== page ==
At the same time, Mongolia also hopes to obtain assistance from the United States and NATO in the military reform process of the Mongolian army, and participate in more international peacekeeping operations with the support of the United States and NATO to expand its influence on the international stage.

For Western countries, Mongolia can not only support the war on terror launched, but also exert influence on the key strategic position between China and Russia. Therefore, Mongolia is also one of the important targets of the West.

Under this mutual demand, Mongolia’s relationship with the West began to approach. Specifically, in 1987, the United States and Mongolia officially established diplomatic relations, and Mongolia, which emerged from Soviet control after the end of the Cold War, began to Westernize, and the United States strongly supported it, with a view to making it a “Western model” in Asia and filling the vacuum left by the collapse of the Soviet Union.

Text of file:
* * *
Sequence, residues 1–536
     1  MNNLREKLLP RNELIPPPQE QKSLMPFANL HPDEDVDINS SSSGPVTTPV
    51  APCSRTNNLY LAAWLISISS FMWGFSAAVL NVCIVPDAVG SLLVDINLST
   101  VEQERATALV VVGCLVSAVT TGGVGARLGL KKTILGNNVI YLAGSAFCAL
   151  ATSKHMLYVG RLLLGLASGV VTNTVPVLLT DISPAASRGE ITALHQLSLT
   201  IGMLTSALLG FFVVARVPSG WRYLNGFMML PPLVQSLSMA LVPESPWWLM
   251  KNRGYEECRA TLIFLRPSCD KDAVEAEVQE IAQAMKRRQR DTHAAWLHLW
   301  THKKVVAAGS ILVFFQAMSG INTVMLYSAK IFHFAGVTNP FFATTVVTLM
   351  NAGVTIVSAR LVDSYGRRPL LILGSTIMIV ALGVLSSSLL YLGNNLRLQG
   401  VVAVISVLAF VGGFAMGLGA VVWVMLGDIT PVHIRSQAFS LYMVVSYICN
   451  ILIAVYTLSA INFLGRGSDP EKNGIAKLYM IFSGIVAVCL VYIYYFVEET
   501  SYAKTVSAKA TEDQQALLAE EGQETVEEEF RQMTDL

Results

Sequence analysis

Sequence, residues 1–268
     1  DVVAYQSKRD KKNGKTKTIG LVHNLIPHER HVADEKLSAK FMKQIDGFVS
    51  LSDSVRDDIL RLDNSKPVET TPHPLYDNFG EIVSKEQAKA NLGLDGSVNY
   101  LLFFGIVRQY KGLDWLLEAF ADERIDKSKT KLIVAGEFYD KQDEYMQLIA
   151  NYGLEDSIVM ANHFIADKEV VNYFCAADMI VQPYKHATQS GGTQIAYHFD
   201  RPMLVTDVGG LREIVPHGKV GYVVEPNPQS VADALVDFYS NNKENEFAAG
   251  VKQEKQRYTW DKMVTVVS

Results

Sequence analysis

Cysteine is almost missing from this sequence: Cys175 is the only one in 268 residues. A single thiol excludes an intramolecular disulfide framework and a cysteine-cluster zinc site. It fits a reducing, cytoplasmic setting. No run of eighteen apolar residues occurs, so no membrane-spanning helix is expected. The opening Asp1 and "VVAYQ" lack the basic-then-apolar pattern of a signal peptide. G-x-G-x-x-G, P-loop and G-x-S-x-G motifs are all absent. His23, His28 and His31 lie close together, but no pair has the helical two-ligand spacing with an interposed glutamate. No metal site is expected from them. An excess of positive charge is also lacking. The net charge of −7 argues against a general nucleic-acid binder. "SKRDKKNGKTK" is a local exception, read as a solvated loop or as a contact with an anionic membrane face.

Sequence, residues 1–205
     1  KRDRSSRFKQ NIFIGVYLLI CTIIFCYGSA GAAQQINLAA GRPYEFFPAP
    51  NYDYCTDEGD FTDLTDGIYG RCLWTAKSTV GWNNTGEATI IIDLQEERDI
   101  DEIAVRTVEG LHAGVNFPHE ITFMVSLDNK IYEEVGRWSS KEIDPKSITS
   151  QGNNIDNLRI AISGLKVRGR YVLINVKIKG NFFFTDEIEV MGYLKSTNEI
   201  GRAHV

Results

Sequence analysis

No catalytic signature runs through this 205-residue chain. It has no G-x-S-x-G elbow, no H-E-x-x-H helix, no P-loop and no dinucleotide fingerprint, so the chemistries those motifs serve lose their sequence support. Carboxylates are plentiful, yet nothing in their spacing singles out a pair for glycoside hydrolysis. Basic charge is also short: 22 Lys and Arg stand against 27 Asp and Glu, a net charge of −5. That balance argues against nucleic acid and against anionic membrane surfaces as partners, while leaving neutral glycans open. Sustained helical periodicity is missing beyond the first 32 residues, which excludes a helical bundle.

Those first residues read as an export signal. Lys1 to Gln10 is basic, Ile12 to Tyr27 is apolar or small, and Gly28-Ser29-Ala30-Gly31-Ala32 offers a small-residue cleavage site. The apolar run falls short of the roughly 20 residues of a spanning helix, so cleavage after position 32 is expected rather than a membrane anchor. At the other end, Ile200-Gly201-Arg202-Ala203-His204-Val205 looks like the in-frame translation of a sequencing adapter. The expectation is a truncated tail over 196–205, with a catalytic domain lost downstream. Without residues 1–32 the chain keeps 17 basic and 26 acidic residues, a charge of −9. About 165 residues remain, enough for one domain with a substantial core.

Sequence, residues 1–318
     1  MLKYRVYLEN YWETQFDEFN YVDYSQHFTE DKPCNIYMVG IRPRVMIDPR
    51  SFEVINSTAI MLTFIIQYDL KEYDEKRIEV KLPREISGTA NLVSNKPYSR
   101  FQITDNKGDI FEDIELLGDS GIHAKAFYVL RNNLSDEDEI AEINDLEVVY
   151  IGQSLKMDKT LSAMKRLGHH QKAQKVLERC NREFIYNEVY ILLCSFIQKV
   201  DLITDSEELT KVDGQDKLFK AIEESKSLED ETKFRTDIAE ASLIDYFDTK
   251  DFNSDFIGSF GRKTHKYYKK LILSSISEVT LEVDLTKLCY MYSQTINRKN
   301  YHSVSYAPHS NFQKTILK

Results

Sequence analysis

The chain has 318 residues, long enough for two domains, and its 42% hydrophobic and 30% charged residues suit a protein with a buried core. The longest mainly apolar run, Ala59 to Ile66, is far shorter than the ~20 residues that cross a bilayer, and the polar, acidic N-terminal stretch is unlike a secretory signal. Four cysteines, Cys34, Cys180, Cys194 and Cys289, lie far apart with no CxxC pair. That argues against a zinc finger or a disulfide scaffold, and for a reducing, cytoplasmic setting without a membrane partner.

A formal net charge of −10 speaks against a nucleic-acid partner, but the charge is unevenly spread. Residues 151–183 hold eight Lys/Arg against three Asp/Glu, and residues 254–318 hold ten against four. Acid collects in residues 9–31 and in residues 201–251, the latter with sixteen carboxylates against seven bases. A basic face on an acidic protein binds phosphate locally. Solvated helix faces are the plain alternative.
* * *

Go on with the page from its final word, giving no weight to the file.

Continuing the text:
In June 1996, Mongolia and the United States signed the Agreement on Exchange and Exchange of Visits between Mongolian and American Military Departments, which stipulates that the two sides can send troops to each other’s countries to strengthen peacekeeping exchanges, and if necessary, the U.S. military can temporarily station in Mongolia.

In August of that year, Mongolia and the United States also signed the Mongolia-United States Security and Cooperation Agreement, which stipulates that when the security of one party is actually threatened by war or natural disasters, the other party has the obligation to provide assistance or humanitarian relief.